Reality v. Ideology: Toyota Warns (Again) About Electrifying All Autos

Reality v. Ideology: Toyota Warns (Again) About Electrifying All Autos. By Bryan Preston.

Depending on how and when you count, Japan’s Toyota is the world’s largest automaker. According to Wheels, Toyota and Volkswagen vie for the title of the world’s largest, with each taking the crown from the other as the market moves. …

GM, America’s largest automaker, is about half Toyota’s size thanks to its 2009 bankruptcy and restructuring. …

Toyota was among the first to introduce gas-electric hybrid cars into the market, with the Prius twenty years ago. It hasn’t been afraid to change the car game. …

[Toyota] hasn’t grown its footprint through acquisitions, as Volkswagen has, and it hasn’t undergone bankruptcy and bailout as GM has. Toyota has grown by building reliable cars for decades.

When Toyota offers an opinion on the car market, it’s probably worth listening to. This week, Toyota reiterated an opinion it has offered before. That opinion is straightforward: The world is not yet ready to support a fully electric auto fleet. …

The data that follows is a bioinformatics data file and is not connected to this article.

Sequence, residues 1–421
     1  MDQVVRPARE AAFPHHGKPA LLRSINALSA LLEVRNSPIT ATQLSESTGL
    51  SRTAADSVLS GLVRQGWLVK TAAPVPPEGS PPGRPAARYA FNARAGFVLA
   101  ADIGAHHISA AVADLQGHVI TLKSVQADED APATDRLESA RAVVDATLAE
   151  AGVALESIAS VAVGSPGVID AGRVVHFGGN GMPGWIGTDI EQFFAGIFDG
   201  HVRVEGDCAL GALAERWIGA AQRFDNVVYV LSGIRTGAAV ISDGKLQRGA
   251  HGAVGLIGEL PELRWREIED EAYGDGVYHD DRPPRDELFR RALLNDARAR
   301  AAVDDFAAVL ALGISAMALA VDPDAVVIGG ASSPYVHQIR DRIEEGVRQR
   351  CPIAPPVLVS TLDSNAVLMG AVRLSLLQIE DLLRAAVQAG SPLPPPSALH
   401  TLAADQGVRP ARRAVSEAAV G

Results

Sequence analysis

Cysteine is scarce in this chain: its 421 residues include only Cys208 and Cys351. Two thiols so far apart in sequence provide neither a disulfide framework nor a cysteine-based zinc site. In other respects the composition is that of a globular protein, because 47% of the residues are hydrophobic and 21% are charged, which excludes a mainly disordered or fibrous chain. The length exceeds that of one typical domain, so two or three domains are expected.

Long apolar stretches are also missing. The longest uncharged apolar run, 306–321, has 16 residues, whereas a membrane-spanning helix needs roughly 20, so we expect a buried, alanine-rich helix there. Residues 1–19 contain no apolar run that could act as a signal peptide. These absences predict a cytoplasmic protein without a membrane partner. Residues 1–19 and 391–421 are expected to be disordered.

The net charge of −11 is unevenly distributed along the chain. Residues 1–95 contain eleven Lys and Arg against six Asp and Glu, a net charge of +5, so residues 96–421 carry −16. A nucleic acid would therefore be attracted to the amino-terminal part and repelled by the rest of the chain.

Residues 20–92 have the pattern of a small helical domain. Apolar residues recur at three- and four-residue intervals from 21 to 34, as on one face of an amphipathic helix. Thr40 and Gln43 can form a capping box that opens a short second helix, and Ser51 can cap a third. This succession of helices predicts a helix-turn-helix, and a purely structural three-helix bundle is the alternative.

[This comes] on the heels of GM’s announcement that it will phase out all gas internal combustion engines (ICE) by 2035. Other manufacturers, including Mini, have followed suit with similar announcements.

Tellingly, both Toyota and Honda have so far declined to make any such promises. Honda is the world’s largest engine manufacturer when you take its boat, motorcycle, lawnmower, and other engines it makes outside the auto market into account. …

Just 2% of the world’s cars are electric at this point. …

Simply put, we’re gonna need a bigger energy boat to deal with connecting all those cars to the power grids. A LOT bigger. …

Current technology enables charges in “as little as 30 minutes,” according to Kelly Blue Book. That best-case-scenario fast charging cannot be done on home power. It uses direct current and specialized systems. Charging at home on alternative current can take a few hours to overnight to fill the battery, and will increase the home power bill. …

Toyota has publicly warned about this twice, while its smaller rival GM is pushing to go electric. GM may be virtue signaling to win favor with those in power in California and Washington and in the media. Toyota’s addressing reality and its record is evidence that it deserves to be heard.

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